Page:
When we last spoke to Aimee, she had just begun work on her HRP project. Now, as our final years submit their last few assignments, we caught up again to find out how things have been for Aimee during her last year as an undergraduate with Harper Adams.
“When we last spoke,” Aimee commented. “I was beginning my garden surveys and planning out what I wanted to do for the remainder of my project.
“My project came in three stages: surveying slug populations within gardens; testing radio frequency identification (RFID) tagging as a means of tracking slug movement in the laboratory; and recording tracking the movement of RFID tagged slugs within garden habitats. I surveyed three gardens within the Shropshire area, recording all species of slugs in the garden. I also noted their location, which takes a very long time! I’ve been doing this since October, steadily collating data.
“I had started lab trials, taking the most commonly found species and testing which ones could withstand and tolerate RFID tagging without this affecting their survival and feeding. As you can imagine, there was quite a lot going on, but now being unable to access campus labs, I’ve had to take a slightly different approach.
“The original plan was for me to have three rounds of testing the RFID tag in the laboratory and then to complete a months’ worth of tracking using the RFID technology within all three of the gardens. Unfortunately, this plan was not possible once the restrictions on non-essential travel came into place.
“Instead, I managed to complete one study of the RFID tagging tolerance before the laboratory shut. Then, rather than tracking the movement of slugs over the course of a month, I completed 24 hours of intensive tracking within my own back garden - one of the three original gardens surveyed - in order to comply with Covid rules!”
You can see Aimee tracking this progress via her social media round-up here.
As a result, Aimee’s project has changed slightly, with a greater focus on slug abundance and distribution – which is still an understudied subject despite the importance of slugs within domestic gardens. Due to these changes, there is scope now for future work developing longer-term RFID tracking of slugs within gardens.
So why slugs? Aimee’s interest in one of the top three British garden pests came from a desire to understand. She shared: “Slugs are a problem - we can’t deny that some species of slug are a big garden pest. But, it’s a lack of understanding on a basic level about their behaviour that causes them to be more of a nuisance than they really are.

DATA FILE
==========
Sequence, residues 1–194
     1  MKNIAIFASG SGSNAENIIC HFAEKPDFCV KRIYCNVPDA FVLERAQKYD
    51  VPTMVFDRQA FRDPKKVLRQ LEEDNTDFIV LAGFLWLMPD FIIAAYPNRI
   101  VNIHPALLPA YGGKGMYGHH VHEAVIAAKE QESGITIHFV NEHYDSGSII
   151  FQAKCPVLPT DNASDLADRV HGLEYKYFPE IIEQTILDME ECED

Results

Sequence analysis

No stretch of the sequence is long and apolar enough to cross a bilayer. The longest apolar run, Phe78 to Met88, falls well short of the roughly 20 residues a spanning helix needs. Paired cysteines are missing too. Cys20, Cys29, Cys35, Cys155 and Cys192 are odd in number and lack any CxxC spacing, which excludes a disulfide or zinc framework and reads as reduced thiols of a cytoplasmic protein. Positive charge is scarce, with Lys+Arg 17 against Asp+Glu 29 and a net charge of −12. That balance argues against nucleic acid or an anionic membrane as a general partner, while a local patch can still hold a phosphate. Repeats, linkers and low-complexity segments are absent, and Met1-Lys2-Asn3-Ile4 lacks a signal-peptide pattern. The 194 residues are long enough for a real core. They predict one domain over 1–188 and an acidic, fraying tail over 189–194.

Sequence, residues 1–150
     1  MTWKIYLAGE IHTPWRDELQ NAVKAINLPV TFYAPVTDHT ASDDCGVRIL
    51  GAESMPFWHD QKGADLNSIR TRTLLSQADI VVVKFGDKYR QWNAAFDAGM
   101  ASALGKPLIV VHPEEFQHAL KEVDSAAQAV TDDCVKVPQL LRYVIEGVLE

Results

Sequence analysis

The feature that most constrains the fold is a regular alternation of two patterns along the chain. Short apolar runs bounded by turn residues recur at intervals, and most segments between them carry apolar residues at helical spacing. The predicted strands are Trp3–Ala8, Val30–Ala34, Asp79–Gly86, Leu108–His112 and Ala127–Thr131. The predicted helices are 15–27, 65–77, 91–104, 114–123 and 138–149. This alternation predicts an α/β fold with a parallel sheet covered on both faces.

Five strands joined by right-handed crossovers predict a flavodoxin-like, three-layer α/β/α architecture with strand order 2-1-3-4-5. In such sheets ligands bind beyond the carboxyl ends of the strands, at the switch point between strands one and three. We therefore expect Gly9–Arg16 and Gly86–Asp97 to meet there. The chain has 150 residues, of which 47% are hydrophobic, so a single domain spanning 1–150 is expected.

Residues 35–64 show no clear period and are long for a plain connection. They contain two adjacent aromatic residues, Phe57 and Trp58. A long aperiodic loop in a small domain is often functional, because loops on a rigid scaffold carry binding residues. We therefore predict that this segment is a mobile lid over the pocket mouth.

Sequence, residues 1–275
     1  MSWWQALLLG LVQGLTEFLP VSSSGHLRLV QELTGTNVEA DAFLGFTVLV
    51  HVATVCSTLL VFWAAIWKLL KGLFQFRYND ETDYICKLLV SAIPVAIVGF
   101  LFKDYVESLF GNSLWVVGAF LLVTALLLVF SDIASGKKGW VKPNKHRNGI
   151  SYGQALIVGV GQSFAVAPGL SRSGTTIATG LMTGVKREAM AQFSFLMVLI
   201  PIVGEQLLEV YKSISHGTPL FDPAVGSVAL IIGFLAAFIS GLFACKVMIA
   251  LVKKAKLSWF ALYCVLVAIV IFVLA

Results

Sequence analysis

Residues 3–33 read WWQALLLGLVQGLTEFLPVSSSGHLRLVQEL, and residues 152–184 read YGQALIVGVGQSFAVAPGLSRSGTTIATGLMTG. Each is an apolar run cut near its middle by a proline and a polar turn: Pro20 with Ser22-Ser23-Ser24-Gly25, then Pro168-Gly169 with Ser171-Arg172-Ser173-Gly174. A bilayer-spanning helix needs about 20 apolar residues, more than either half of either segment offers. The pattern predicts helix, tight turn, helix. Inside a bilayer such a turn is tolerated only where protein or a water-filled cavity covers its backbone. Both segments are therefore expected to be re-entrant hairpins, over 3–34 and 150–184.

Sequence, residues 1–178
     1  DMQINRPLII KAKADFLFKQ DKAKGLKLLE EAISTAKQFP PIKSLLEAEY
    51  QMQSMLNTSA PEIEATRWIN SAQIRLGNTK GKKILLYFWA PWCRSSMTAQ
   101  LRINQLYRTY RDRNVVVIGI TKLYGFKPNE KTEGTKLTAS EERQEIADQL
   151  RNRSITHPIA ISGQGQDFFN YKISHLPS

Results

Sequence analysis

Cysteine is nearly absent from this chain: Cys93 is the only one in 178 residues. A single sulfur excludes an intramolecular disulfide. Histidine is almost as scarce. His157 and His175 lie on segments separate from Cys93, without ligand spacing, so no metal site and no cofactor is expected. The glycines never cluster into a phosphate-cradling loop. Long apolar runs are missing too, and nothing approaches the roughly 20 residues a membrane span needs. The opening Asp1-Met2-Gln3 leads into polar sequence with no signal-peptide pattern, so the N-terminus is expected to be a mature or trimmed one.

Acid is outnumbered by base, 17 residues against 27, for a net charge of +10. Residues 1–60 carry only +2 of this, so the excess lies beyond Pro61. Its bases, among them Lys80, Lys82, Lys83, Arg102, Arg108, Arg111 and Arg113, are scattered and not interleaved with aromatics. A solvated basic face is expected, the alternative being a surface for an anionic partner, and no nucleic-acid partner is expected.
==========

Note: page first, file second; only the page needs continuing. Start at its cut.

“Slugs are difficult to track and so I’m hoping that my study will help to start to understand how slugs move within a domestic garden and which habitats, or even which garden plants, they prefer.”
Aimee sees great potential in her study for the future. She explained: “Tracking like this has not been done before in domestic gardens and there are lots of research questions that could asked in the future; but we have to start from somewhere with a basic understanding of slug biology. While tagging slugs like this does require specialist tools, the equipment is available at Harper, so this is a study that another student or even myself could develop further in the future.”
Looking back on her journey to higher education, Aimee took a slightly different path but could not have asked for a better outcome. She said: “When I applied to uni, I wanted to study speech and language therapy; but my gut feeling was that it just wasn’t the right course for me. All my offers had come back but I declined them all.
“Looking back to what I was really passionate about, I always knew I wanted to be outside, and I wanted to make a difference environmentally. I didn’t realise I could make a career from that until I moved to the countryside. I knew I only had one shot having already been through the UCAS application stages. When I came to Harper on an open day, I just knew I didn’t want to look anywhere else. That’s how I came here to study wildlife; it was the best decision I’ve ever made, really!”
Having not looked back, Aimee has loved her time at Harper, through all the ups and downs. “I’ve definitely enjoyed the uni experience,” she commented. “I’ve learnt, if you’re passionate, there’s a career that means you can work in something you love every day. It’s easy to fall into the trap of the obvious and clear path to a job. But with an environmental degree, because it’s so broad, there are endless opportunities with great progression if you seek it out. Don’t second guess yourself! I didn’t and I don’t regret it.”
Are you a final year student? What’s been your favourite Harper moment? Get in touch and tell us your story here.